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Bipartisan Campaign Reform Act of 2001 (S. 27)

Mailed or Faxed Correpondence...

To A Senator:

The Honorable (full name)
United States Senate
Washington, DC 20510

Dear Senator (last name):

The Bipartisan Campaign Finance Reform Act of 2001 (McCain-Feingold Legislation) would outlaw large, unregulated "soft money" donations from corporations, unions and individuals..

According to Senator John McCain and other proponents of campaign finance reform, excessive spending on campaigns by candidates has caused public cynicism about and mistrust of the United States government. In fact, the reformers claim that Congress should move immediately to pass new campaign finance laws because of the public's outcry over this issue. However, according to statistics on public opinion, the cynicism about politics was the result of events occurring in American history that the government was responsible for, not the issue of campaign contributions to candidates. During a period that included the Vietnam War, Watergate, and the economic mistakes of the Carter Administration (1964-1980), public trust declined steadily.

If it becomes law, the McCain-Feingold bill poses fundamental free-speech questions and faces inevitable court challenges. The Supreme Court will probably have to resolve the restrictions imposed by the measure.

If Senator McCain and his supporters were serious about campaign finance reform, they would consider repealing the limits on individual and political action committees (PACs) contributions to candidates and parties as well as party contributions to candidates, thus leveling the playing field between incumbents and challengers. The overtly complex regulatory process would be simplified, and intrusive FEC investigations that last for years would be lessened. The transparency and political FEC accountability of the electoral process would be improved, and most importantly, would not infringe on the freedom of speech afforded to by the First Amendment.

As you constituent, I would like you to represent me in your voice against the Bipartisan Campaign Reform Act of 2001.

Sincerely,

(Your Name*)

*Be sure to include your complete address in the letter.

E-mail Correspondence...

The following format should be used in the body of your message:

Your Name
Address
City, State  Zip Code

Dear Senator (last name),

The Bipartisan Campaign Finance Reform Act of 2001 (McCain-Feingold Legislation) would outlaw large, unregulated "soft money" donations from corporations, unions and individuals..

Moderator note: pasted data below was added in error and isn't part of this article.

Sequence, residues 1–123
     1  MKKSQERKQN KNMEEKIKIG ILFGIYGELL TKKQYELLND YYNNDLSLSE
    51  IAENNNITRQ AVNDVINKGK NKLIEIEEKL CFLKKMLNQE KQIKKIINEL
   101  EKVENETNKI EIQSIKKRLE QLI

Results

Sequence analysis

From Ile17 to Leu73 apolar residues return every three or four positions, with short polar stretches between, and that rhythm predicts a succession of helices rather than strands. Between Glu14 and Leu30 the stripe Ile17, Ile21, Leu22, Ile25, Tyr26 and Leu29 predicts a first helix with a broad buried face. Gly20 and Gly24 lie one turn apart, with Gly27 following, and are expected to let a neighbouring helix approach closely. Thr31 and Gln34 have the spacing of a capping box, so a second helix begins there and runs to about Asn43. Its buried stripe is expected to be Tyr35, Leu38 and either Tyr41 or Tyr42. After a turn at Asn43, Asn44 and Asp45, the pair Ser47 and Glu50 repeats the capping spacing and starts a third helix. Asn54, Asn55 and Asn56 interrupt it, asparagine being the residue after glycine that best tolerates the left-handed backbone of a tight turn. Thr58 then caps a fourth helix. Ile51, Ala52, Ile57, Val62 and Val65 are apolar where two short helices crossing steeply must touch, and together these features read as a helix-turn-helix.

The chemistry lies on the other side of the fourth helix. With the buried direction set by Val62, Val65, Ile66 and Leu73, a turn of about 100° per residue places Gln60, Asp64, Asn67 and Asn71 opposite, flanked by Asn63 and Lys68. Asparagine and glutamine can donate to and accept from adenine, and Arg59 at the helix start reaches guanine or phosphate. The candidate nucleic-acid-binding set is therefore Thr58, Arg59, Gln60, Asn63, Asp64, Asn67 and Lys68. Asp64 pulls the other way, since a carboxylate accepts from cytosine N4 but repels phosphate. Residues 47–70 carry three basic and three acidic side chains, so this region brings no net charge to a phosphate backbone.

According to Senator John McCain and other proponents of campaign finance reform, excessive spending on campaigns by candidates has caused public cynicism about and mistrust of the United States government. In fact, the reformers claim that Congress should move immediately to pass new campaign finance laws because of the public's outcry over this issue. However, according to statistics on public opinion, the cynicism about politics was the result of events occurring in American history that the government was responsible for, not the issue of campaign contributions to candidates. During a period that included the Vietnam War, Watergate, and the economic mistakes of the Carter Administration (1964-1980), public trust declined steadily.

If it becomes law, the McCain-Feingold bill poses fundamental free-speech questions and faces inevitable court challenges. The Supreme Court will probably have to resolve the restrictions imposed by the measure.

If Senator McCain and his supporters were serious about campaign finance reform, they would consider repealing the limits on individual and political action committees (PACs) contributions to candidates and parties as well as party contributions to candidates, thus leveling the playing field between incumbents and challengers. The overtly complex regulatory process would be simplified, and intrusive FEC investigations that last for years would be lessened. The transparency and political FEC accountability of the electoral process would be improved, and most importantly, would not infringe on the freedom of speech afforded to by the First Amendment.

As you constituent, I would like you to represent me in your voice against the Bipartisan Campaign Reform Act of 2001.

Sincerely,

(Your Name)

*Be sure to include your complete address in the letter.

For more information about Campaign Finance Reform, click here.

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